Children who snore may be much more likely to have asthma and a nighttime cough than children who do not snore, says a new study from Australia.
Doctors often use night cough as a guide for diagnosing asthma in children, but the findings, which appear in the August issue of Chest, suggest it may be appropriate to treat the snoring first, says one of the study's co-authors.
"Night cough is often taken as a sign of the onset or development of asthma in a young child," says Dr. Colin E. Sullivan, a professor of medicine at the University of Sydney. "Our study shows that such coughing might be being triggered by the child's snoring."
"The study is really an important step," says Dr. James L. Goodwin, an epidemiologist and research assistant professor at the University of Arizona Respiratory Center in Tucson.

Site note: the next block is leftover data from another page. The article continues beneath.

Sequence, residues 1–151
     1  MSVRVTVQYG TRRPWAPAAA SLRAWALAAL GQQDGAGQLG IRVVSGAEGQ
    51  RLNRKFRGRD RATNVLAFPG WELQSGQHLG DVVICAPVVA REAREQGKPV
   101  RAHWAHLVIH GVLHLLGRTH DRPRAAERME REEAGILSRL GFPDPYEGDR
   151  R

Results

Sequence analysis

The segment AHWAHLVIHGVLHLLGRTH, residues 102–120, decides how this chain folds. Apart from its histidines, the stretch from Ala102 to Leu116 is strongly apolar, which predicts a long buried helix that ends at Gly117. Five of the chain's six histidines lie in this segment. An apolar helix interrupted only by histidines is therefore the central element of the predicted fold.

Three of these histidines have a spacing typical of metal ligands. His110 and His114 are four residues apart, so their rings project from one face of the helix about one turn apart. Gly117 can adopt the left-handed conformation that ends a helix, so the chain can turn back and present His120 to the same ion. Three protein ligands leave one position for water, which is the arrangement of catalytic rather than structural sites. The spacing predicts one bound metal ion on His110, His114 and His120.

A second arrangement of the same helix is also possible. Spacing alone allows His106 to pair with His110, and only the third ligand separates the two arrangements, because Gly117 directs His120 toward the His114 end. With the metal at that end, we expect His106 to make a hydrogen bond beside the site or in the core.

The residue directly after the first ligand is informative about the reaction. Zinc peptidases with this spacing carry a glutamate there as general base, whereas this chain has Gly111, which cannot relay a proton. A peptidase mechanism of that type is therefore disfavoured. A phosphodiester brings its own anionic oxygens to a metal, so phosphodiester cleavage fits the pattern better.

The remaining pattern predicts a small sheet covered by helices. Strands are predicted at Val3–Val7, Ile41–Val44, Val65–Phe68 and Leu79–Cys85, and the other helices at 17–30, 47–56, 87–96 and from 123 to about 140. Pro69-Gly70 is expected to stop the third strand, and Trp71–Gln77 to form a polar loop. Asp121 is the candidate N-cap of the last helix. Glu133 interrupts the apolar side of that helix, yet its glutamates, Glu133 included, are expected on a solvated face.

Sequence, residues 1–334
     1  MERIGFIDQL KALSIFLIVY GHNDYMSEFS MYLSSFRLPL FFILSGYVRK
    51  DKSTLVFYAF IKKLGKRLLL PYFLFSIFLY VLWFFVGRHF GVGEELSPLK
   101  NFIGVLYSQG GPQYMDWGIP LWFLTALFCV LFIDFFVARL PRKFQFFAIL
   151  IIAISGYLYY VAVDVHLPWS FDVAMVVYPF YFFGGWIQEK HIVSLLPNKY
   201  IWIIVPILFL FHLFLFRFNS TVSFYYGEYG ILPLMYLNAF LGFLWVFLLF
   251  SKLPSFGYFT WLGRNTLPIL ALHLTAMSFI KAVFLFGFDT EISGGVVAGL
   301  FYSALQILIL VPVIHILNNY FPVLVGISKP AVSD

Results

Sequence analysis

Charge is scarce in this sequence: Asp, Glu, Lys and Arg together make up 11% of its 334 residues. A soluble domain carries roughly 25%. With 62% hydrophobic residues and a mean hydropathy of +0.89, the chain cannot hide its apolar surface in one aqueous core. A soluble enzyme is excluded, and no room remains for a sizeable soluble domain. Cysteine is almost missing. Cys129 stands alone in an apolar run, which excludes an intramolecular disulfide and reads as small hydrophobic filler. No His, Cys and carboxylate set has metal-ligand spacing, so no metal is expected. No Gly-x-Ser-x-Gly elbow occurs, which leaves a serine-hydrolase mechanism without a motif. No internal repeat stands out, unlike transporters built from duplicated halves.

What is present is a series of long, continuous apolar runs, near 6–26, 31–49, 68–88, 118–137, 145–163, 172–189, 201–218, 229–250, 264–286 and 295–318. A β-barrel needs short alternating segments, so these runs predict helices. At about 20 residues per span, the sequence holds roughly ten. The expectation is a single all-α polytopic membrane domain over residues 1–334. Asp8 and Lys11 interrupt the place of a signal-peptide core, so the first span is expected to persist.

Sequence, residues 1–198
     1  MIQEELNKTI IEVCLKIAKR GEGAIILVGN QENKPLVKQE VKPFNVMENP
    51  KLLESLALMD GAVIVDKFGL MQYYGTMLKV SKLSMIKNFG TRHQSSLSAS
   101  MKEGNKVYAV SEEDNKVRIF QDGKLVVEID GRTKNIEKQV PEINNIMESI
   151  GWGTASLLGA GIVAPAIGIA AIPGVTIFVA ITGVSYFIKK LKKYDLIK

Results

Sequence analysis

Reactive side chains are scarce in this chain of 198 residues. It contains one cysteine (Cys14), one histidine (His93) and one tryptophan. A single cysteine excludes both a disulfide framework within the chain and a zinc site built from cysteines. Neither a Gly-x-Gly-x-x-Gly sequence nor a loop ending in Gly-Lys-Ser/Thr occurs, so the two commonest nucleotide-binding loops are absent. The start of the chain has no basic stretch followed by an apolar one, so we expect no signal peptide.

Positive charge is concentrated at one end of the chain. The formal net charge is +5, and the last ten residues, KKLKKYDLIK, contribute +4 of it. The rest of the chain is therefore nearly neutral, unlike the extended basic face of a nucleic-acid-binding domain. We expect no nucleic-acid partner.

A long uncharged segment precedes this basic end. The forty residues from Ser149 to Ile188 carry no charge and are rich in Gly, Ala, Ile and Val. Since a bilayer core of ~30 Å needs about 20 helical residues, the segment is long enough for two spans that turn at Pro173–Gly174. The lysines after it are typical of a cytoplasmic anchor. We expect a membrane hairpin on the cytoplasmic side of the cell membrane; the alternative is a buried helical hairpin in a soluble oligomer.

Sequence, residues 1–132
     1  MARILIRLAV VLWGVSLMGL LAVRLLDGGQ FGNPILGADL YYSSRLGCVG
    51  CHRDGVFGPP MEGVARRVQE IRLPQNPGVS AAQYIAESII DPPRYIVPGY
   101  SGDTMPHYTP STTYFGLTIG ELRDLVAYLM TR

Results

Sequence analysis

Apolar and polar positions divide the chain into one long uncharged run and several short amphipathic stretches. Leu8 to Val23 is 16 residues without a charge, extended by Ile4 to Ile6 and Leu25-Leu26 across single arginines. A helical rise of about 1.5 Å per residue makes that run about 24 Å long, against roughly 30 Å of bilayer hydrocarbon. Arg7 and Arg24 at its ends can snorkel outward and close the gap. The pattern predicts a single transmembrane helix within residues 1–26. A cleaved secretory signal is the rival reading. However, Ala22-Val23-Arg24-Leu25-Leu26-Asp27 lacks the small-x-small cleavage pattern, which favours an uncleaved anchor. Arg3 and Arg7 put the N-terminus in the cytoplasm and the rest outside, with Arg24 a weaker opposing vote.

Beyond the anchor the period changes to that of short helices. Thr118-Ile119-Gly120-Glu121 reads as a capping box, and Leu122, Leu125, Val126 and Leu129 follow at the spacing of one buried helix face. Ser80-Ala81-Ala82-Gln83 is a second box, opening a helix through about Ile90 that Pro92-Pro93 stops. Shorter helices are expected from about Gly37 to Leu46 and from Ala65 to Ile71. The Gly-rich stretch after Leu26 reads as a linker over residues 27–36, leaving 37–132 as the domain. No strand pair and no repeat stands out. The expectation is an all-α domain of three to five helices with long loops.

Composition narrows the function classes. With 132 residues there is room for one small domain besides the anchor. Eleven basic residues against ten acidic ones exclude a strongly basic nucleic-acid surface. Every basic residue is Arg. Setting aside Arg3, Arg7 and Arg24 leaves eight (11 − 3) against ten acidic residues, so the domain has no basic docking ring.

Nighttime cough, Goodwin explains, is often used to diagnose asthma in children, but the findings suggest that in some cases snoring may be causing the coughing.
Although snoring may raise the risk of night cough even in children who do not have asthma, Sullivan notes that childhood asthma and snoring do appear to be linked, pointing out that more than 40 percent of children who snored had asthma, compared to about 26 percent of children who did not snore.
"Snorers had almost a doubling of the level of asthma," Sullivan says.
"Because there is such a high association between snoring and asthma, we think it is unlikely that the link can be simply because of an association with the more severe form of snoring." This condition, known as obstructive sleep apnea, stops breathing dozens of times a night by causing the upper airway to completely close during sleep.